Trade union watchdog REOPENS inquiry into secret exit payments to FBU national officers / Chatchawan Wayobut

THE OFFICIAL trade union watchdog has REOPENED her inquiry into allegations of financial irregularities at the top of the Fire Brigades Union (FBU).

Back in July, this blog reported that several members and former officials of the union had made a formal complaint to the watchdog – whose official title is the ‘certification officer’ – after it was discovered that at least three national officers serving at the union’s head office in south-west London had received secret and substantial pay-offs when departing the union. These payments were in all cases covered by non-disclosure agreements (‘gagging clauses’), and not even the union’s ruling executive council was given the full details.

The complainants pointed out that the failure by the FBU leadership to declare the payments in two important financial documents – namely the union’s annual return to the certification officer and annual statement to members – was a breach of section 32 of the Trade Union and Labour Relations (Consolidation) Act 1992 (‘the Act’), which requires unions to disclose all payments and benefits (including termination payments) awarded to members of their principal executive committee.

In the case of the three national officers, the FBU leadership declared the regular salaries and benefits awarded to them, but conspicuously failed to disclose details of the substantial termination payments.

On 30 November, the leadership issued a self-congratulatory ‘all members’ circular proclaiming that it had successfully resisted the allegations of financial irregularities and that the certification officer had now closed her inquiries. Appended to the circular was a copy of a letter from the certification officer which informed the union that she did not consider the three national officers to be members of the union’s executive council and that it was not therefore necessary for the union to have disclosed the termination payments on the financial statements. Having drawn this conclusion, the certification officer confirmed that her inquiry was now ‘closed’.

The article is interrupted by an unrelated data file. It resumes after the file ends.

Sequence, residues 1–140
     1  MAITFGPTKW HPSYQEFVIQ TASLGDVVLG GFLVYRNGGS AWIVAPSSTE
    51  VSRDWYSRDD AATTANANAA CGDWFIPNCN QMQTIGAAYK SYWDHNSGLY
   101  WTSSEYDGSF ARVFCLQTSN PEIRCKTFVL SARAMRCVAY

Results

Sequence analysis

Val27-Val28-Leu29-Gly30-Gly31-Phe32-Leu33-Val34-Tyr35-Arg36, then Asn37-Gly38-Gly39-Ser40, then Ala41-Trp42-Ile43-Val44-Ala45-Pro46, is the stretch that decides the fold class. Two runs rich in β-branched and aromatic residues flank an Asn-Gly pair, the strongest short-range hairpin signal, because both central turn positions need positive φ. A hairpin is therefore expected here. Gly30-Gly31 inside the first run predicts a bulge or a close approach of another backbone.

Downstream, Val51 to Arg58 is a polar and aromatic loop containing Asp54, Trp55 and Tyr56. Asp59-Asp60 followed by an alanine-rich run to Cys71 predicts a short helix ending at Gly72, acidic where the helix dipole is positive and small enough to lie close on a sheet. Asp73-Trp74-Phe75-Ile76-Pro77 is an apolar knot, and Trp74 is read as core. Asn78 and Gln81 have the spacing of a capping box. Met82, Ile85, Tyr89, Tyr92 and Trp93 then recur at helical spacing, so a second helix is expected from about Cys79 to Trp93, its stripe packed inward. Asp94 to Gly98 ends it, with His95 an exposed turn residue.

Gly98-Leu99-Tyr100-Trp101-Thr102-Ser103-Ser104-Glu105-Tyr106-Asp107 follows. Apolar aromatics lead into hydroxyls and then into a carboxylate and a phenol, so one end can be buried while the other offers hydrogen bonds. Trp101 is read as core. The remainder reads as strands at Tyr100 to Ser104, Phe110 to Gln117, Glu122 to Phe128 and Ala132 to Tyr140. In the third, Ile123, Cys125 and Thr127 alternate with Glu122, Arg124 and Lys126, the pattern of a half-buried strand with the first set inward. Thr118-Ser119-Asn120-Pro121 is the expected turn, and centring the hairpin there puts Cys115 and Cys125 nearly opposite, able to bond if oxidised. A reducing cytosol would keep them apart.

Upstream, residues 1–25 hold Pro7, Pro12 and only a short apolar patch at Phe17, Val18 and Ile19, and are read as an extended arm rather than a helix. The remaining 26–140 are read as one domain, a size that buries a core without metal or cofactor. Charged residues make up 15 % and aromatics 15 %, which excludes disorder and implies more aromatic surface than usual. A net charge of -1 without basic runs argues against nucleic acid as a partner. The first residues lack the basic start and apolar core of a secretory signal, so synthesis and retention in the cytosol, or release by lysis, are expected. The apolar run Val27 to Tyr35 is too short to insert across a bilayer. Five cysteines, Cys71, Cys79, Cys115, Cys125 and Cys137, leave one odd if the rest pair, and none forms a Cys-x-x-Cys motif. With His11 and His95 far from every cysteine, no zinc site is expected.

However, after learning of her decision, the complainants wrote again to the certification officer and pointed out that she appeared to have applied the wrong test on the matter. The question of whether the national officers were members of the executive council under the union’s rules was irrelevant (in fact, the complainants had never suggested that these officials were members of the union’s executive council). What mattered was whether the national officers were ‘members of the executive’ as defined by section 32(7) of the Act – and that was a different test entirely.

Under that section of the Act, a person will be considered to be a member of a union’s executive – and must therefore have all payments and benefits disclosed on the annual financial statements – if he or she under the rules or practice of the union may attend and speak at meetings of the union’s principal executive committee (other than for the narrow purpose of providing the committee with factual information or with technical or professional advice – such as that which the union’s lawyer or accountant might provide).